Diary of a Professional Water Gardener

by Joseph V. Tomocik
Photos by Joe Mascarenas - Click to enlarge

Joe Tomocik and Bob Hoffman

Denver Botanic Gardens . . . Among the Finest

Giant praying mantis watches over the
Boettcher Conservatory.
Botanic gardens are impressive cultural facilities. I often explain to people that it is great to be a part of something magnificent. Denver Botanic Gardens is an ever-growing vibrant institution serving well the Denver community, with tendrils reaching across the globe. Major departments include Special Events, Development, Research, Education and Horticulture. The main site (formerly a cemetery) takes in 23 acres (9.3 hectares) and is a mere ten minutes from downtown Denver, Colorado USA. 

The Boettcher Conservatory is an architectural landmark. Orchids from our renowned collection are often displayed here.

On the outside grounds are a myriad of expertly designed, maintained and interpreted gardens. Notable Gardens include the Rock Alpine Garden, the Japanese Garden, the Romantic Gardens and the Water-Smart Garden. 

Japanese Garden
Denver Botanic Gardens is a celebrated leader in low maintenance and low water requirement (xeriscape) gardens. These include the Ponderosa Border, Sacred Earth, Dryland Mesa and Plains Gardens.  

A Water Garden Runs Through It 
Traversing the grounds from east to west is an elaborate connected waterway with two huge pools (Victoria Pool and Monet Garden Pool) and a number of channels, falls, and smaller pools. Five of the smaller pools also display aquatic plants.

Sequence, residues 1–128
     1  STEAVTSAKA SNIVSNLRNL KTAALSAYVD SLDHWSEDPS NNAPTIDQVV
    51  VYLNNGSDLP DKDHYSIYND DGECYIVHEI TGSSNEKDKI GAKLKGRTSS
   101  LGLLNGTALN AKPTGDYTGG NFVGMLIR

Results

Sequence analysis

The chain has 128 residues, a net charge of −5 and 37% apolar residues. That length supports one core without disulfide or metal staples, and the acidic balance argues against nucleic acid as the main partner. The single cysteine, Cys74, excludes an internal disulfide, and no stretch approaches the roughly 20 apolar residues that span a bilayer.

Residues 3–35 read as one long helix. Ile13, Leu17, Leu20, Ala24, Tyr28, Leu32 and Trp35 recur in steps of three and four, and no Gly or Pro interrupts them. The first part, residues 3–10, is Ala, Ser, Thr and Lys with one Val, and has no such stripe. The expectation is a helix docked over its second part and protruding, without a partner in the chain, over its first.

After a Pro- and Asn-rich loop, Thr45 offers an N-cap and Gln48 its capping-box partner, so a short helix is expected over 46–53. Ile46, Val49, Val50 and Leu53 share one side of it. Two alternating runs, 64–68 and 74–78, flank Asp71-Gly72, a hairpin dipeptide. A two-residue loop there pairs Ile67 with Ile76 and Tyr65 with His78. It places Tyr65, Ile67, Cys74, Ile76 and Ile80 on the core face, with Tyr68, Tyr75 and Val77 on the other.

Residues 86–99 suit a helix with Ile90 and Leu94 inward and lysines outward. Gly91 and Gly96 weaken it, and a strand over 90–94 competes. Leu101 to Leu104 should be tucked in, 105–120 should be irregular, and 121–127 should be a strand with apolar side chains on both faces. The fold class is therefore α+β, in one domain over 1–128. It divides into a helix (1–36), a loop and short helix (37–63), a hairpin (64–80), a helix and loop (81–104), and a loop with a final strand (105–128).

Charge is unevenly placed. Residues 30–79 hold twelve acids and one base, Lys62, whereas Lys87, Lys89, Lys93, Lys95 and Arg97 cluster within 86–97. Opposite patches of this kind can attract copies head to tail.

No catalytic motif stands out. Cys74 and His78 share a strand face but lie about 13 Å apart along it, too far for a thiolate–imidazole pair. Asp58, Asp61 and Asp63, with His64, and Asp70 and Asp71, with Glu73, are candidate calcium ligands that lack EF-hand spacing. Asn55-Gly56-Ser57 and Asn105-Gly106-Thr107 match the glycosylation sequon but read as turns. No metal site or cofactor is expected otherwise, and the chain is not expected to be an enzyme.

In all, we maintain sixteen water features at our main site. We display waterlilies and other aquatic plants in most of these. Featured plants include Victoria waterlilies, hardy waterlilies, tropical waterlilies, lotuses and marginals. Fly Trap Feast represents an assortment of container water gardens showcasing carnivorous plants. 

Lair O' the Bear

Often on my off day, I take an easy 35-minute ride to scenic Bear Creek Canyon. Here, a 392-acre open space park, Lair O' the Bear (part of Jefferson Park Open Space), includes a number of superbly maintained and marked trails.

I usually hike the 1.1-mile Bruin Bluff Trail which parallels Bear Creek (originating from the 14,000 ft. peaks of the Front Range of the Rocky Mountains), and then heads up the mountainside before returning again to the churning waters of Bear Creek. I do not come here to work. I may take a book or newspapers. I know where all six of the benches are located. My favorites are the two with backs. I take my binoculars to watch the birds and other animal life. Last Thursday I spotted numerous brown butterflies with yellow wings.

I do not go to Bear Creek to study, rather to be there, and to take in whatever comes my way. Signs along the creek explain that fly-fishing only is allowed. Yes, I have caught a few. Rainbow trout must immediately be returned to the water. Two brown trout may be kept. There are many picnic areas, each having charcoal grills (I have grilled a steak or two on these) and trash receptacles. The grills are cleaned regularly, usually by volunteers who are courteous and official looking. I often see them taking notes and policing the area.

The information station offers an abundance of information discussing the history, trails, birds and dangers of the nature park. Rules and regulations are clearly posted. Signage cautions against feeding the wildlife and wandering off paths. Dogs must be on a leash.